Here’s one last thing: As you watch us struggle and celebrate and cry and flail, we also want you to know that adoption is beautiful, and a thousand times we’ve looked at each other and said, “What if we would’ve said no?” God invited us into something monumental and lovely, and we would’ve missed endless moments of glory had we walked away. We need you during these difficult months of waiting and transitioning, but we also hope you see that we serve a faithful God who heals and actually sets the lonely in families, just like He said He would. And even through the tears and tantrums (ours), we look at our children and marvel that God counted us worthy to raise them. We are humbled. We’ve been gifted with a very holy task, and when you help us rise to the occasion, you have an inheritance in their story; your name will be counted in their legacy.

Because that day you brought us pulled pork tacos was the exact day I needed to skip dinner prep and hold my son on the couch for an hour, talking about Africa and beginning to bind up his emotional wounds. When you kidnapped me for two hours and took me to breakfast, I was at the very, very, absolute end that morning, but I came home renewed, able to greet my children after school with fresh love and patience. When you loved on my big kids and offered them sanctuary for a night, you kept the family rhythm in sync at the end of a hard week.

Thank you for being the village. You are so important.

A 10 yr old and three 7 yr olds?

I am highly amused today at the thought of being a mother of 4 boys…….a 10 year old and 7 yr old non-biologically related triplets…..tricky. I am amused because I was once deemed infertile and for a long time I was so desperate for a child. Old habits die hard as even now at this stage of the game I still get a little excited every time I think I could still (theoretically) get pregnant. Several of you just gasped and my sister just swallowed her own tongue, no doubt. I can’t help it. I love having children. I loved being pregnant. I love the ones I birthed and the ones I didn’t. All of this is completely absurd when I remember that I didn’t always want kids……in fact we prevented it staunchly for a long time! Oh how times change….how our hearts change along with our minds and our desires…..but I digress.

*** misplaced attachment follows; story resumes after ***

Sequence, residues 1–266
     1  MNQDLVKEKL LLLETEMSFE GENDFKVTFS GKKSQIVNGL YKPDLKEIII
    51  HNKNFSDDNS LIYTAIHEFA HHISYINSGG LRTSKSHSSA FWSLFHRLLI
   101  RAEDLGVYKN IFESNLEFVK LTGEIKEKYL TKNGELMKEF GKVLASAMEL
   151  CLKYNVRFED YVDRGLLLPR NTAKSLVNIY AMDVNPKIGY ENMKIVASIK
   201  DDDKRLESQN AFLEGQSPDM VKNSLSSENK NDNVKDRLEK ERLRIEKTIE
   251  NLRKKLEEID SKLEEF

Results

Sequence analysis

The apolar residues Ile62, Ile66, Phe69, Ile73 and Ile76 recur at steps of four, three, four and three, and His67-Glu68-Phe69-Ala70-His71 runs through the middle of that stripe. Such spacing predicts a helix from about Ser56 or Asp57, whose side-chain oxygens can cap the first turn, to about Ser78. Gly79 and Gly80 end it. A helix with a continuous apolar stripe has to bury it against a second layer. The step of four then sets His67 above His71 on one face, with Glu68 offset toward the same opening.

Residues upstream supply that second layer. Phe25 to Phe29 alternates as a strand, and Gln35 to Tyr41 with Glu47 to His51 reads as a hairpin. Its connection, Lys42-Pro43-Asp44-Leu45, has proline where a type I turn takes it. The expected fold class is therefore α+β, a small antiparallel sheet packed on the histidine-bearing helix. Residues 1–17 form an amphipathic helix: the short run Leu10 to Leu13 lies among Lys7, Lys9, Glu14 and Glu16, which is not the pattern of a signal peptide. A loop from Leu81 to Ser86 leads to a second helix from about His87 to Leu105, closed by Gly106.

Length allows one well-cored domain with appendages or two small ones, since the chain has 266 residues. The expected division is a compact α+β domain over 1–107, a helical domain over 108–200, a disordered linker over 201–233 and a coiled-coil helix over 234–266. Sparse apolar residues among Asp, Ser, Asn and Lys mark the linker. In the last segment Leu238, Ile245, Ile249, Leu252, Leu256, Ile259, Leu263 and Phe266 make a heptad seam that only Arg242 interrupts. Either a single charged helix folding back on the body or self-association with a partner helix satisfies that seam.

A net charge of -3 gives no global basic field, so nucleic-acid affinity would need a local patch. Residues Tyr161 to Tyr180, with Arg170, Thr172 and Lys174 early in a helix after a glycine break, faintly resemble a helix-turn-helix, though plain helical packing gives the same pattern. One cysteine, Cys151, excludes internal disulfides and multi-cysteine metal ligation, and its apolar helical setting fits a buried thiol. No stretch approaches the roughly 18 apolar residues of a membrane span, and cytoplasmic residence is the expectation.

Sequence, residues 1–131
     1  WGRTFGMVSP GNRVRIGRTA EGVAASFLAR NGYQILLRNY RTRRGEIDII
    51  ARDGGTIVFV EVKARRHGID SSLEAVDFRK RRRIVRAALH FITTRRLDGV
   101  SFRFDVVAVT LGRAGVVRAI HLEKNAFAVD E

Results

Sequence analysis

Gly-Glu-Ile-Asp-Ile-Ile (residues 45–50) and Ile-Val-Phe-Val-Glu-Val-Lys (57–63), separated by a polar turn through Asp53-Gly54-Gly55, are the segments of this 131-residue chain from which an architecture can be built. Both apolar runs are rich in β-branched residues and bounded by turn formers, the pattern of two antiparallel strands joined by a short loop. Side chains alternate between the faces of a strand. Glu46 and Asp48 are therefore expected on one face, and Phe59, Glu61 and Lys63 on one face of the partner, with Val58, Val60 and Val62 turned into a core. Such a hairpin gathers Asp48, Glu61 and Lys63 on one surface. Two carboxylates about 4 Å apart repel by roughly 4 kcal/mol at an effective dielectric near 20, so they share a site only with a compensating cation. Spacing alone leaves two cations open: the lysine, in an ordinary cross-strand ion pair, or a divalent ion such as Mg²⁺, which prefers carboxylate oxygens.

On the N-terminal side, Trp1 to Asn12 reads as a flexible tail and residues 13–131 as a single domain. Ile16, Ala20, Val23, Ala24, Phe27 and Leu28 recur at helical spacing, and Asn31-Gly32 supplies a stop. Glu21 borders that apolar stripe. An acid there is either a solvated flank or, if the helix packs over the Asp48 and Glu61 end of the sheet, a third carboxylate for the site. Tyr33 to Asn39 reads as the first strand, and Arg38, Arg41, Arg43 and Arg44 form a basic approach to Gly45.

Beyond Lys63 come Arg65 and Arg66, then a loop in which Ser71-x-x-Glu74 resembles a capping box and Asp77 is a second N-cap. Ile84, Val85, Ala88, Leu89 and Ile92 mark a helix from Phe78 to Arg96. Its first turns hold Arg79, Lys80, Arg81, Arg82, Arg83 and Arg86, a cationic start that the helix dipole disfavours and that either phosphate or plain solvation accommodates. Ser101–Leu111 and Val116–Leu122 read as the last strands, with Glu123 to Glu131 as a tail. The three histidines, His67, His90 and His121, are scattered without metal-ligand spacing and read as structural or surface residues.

Today is my 4th son Fritzner’s birthday. He is 7. When we met he was 5. He was so small and sweet and quiet. He was the friend of Mar-Eli (who we knew was ours) and we chose him. It was a grueling choice between him and another friend at the orphanage. It was perhaps the hardest choice we have ever made. Since then we have come to know and love Fritzner, but it has been so hard……..He is a text-book orphan who was “turned in” when he was 19 months old weighing 15 lbs. He was sick and malnourished and covered in scabies. His biological Mom had a healthy 4 yr old daughter she could care for, but she couldn’t get Fritzner well, so she gave him to the orphanage so he could live. Today he is still small for his age….they all are. He is sullen and deep and has serious abandonment issues. He is tough, a survivor. He is leery and cold and does his very best to appear nonchalant, unaffected. But oh how he smiles when he forgets to be on guard……how he laughs so hard when he jumps out from a hiding place to scare me and I scream; how he stares, crying those silent tears every time we leave……. God help me this child has almost taken me out. He has made me second guess and outright doubt my choice. He has caused me to question the very idea of adoption….question my own salvation. He has frustrated me and hurt my feelings and defied me and turned me into a raving lunatic. I have cried and lamented and cursed and shook my fist at the injustice of it all……I have been jealous and mad and impatient. U-G-L-Y with no alibi. Stripped of my “Mother of the Year” award yet again. Dr. Karyn Purvis (renowned adoption psychiatrist) had undoubtedly sensed a disturbance in the force. I keep waiting for her to show up and give me private lessons out of pity for my inept-ness. And yet the Lord is good. He has shown me so much. He has shown me myself and more importantly, he has shown me Himself. He has comforted me and reminded me that I, too, was an orphan before He adopted me as His own. I, too, have suffered with abandonment and distrust. I have purposely tried to appear unaffected and perfectly fine when I was dying on the inside. I have not returned His love. I have shown more attention to other people and other things while He waited patiently for me to love Him back. I have been ungrateful and fearful and selfish and prideful and yet He is good. His love is perfect and He adores me in spite of myself. He has given me great hope and deep love for Fritzner. He has convinced me that a well-timed SSRI is nothing but smart :). He has surrounded me with amazing people who have walked with me and supported me and encouraged me in this adoption as I have stumbled and soared. He is preparing me for what is to come with all my boys and His plans are undoubtedly just right. His redeeming love is enough to save us all from our orphan status, from our emotional scars and from ourselves. Happy Birthday, precious Fritzner. This will be your last birthday in an orphanage….ever.